Last week, the American Diabetes Association released the fifth version of the . So what, right? What is special about this new edition? We don’t generally even bother reviewing guides published by organizations. True that. But we believed it was time to have a look-see if an “everything-guide” like this could really provide anything of value to some long-time PWD?
The Guide of the ADA really is like an encyclopedia of diabetes. So while veterans might believe some things, like Diabetes 101 and Principles of Blood Glucose Monitoring, is old hat, the publication also encompasses lifestyle issues, such as traveling with diabetes, sexual health, navigating diabetes and the public school system, and whatever you need to learn about the U.S. health care system. But at precisely the same time, it’s a cursory appearance at most of those subjects. They’re as comprehensive since they may be in a few pages, however there isn’t too much depth into specific topics as you might like. If you are actually struggling with diabetes or you are really considering getting pregnant, or you’re looking for some tips on using an insulin pump, then you’ll want to seek more devoted books.
Nonetheless, the new edition’s been revised to include the most recent tools and technology that are currently available, as well as new chapters on women’s and men’s health, a section on continuous glucose monitors, and a discussion on mental health and diabetes. The ADA recognizes the role mental health plays in diabetes control. It isn’t all blood sugars and insulin!
Since the publication covers type 1 and type 2 diabetes, as well as various age classes, certain sections might not be applicable for you. But I always find it fascinating to learn the inner workings of the additional diabetes. Did you realize that between type 1, type 2, LADA diabetes from surgeries and other chronic conditions like cystic fibrosis, there are in fact ten different kinds of diabetes? No wonder it’s so confusing… But the book pretty much keeps to the big two: type 1 and type 2, and a section on gestational diabetes.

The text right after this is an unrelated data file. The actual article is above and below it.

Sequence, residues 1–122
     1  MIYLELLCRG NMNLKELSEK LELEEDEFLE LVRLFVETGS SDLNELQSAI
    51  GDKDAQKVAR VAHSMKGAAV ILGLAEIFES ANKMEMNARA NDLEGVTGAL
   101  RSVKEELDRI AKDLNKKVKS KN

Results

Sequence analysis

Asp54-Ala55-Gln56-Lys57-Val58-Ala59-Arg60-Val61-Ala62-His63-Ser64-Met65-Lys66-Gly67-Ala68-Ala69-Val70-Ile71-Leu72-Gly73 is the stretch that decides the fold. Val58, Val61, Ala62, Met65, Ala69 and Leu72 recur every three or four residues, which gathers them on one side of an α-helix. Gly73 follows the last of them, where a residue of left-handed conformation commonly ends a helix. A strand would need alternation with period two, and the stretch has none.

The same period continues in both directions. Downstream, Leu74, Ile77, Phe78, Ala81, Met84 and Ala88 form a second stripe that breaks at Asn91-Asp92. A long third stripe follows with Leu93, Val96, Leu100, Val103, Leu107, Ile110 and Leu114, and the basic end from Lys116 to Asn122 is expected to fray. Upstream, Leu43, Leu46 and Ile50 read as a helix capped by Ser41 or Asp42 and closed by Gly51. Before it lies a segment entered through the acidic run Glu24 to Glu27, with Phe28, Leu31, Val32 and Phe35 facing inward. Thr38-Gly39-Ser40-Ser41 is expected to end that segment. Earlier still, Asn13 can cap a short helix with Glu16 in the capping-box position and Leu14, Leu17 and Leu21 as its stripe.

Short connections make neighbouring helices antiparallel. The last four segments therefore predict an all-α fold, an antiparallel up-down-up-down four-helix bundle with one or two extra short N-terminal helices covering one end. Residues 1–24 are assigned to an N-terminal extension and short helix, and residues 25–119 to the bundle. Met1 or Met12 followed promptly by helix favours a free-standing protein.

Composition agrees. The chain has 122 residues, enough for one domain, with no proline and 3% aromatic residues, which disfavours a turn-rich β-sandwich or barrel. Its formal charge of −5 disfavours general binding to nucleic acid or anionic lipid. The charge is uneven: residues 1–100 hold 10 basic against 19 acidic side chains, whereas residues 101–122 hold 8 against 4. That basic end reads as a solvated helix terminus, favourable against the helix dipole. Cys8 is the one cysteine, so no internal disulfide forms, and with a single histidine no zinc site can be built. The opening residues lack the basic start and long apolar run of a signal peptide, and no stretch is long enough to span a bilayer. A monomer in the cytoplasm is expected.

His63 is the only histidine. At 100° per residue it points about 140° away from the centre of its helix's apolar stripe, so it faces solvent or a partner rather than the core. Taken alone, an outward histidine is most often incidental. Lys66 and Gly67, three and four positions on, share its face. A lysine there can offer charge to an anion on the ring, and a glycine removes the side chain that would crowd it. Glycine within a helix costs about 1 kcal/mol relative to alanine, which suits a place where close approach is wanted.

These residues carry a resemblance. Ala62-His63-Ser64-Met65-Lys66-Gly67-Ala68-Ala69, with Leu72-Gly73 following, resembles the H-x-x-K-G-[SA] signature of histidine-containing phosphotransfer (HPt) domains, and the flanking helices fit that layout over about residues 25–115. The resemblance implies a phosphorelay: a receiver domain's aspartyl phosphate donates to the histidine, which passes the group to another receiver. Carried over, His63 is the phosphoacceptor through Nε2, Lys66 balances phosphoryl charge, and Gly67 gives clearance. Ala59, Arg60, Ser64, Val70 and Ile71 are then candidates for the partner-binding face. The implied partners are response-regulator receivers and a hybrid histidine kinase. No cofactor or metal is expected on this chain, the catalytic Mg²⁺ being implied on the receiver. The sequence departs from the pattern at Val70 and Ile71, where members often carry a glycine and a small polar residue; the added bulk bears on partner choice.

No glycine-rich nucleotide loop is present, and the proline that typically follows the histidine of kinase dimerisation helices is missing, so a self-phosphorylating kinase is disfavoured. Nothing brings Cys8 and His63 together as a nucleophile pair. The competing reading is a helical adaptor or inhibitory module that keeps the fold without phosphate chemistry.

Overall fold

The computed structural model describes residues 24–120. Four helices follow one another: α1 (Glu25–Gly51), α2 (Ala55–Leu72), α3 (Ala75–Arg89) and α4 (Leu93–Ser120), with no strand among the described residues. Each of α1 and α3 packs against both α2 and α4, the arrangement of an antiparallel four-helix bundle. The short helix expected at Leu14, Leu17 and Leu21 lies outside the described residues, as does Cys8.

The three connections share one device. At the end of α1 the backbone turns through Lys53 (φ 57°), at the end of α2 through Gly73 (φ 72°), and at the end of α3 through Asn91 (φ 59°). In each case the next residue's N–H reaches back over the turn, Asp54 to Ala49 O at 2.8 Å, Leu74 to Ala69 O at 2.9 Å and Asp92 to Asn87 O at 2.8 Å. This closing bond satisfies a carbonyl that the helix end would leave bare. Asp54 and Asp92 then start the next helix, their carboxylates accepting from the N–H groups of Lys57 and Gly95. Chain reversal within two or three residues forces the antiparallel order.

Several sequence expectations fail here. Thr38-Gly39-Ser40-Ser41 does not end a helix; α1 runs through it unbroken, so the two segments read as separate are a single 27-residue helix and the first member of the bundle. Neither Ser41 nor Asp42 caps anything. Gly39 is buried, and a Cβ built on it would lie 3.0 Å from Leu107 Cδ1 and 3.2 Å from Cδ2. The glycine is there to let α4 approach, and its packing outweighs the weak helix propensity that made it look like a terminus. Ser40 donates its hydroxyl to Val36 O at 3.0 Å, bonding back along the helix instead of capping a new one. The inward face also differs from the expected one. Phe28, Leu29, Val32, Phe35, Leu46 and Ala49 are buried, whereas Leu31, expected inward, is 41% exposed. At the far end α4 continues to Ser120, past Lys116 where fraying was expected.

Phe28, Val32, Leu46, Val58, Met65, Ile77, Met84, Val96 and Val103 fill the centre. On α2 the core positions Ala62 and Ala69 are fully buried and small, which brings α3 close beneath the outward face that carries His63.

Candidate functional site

The book is simple to read and it’s fairly simple to find things, with a great deal of subsections and bullet points. The language is more casual yet matter-of-fact. It does not look like your normal textbook, but it also isn’t as informal as, say… a blog. You will find pop-out boxes with definitions, and a smattering of illustrations. I’ll say that it’s an excellent selection for a newly diagnosed diabetic who desires something detailed, but easy to comprehend. And it’s also great for anybody who requires a diabetes refresher. In the end, we are constantly learning new things about diabetes… even from the ADA. 😉
You may get your own copy of the Complete Guide to Diabetes for $22.95 on Amazon or at the local book merchant, or attempt entering our drawing…
The DMBooks Giveaway
Back in April we started a new program where we “share the love” and give away free copies of these books we examine at here at the ‘Mine.
For your chance to win a copy of the American Diabetes Association’s Complete Guide to Diabetes: Fifth Edition, it’s as easy as leaving a comment!
1. Post your comment below and include the codeword “DMBooks” someplace in the remark (beginning, ending, in parenthesis, in bold, whatever). That will let us know that you would like to be entered in the giveaway. You may still leave a comment, but if you’d like to be thought to win the publication, please remember to add “DMBooks.”
2. This week, you have until Friday, June 10 at noon PST to input. A valid email address is required to win.
4. The winner will be declared on Facebook and Twitter on Monday, June 13, so be sure you’re following us! We’ll also feature the winner at an upcoming blog post.
The contest is open to anybody, anywhere. Fantastic luck, Guide-Seekers!
Disclaimer: Content created by the Diabetes Mine team. For additional information click here.
This content is made for Diabetes Mine, a customer health blog focused on the diabetes community. The content is not medically reviewed and does not stick to Healthline’s editorial guidelines. To learn more about Healthline’s partnership with Diabetes Mine, please click here.
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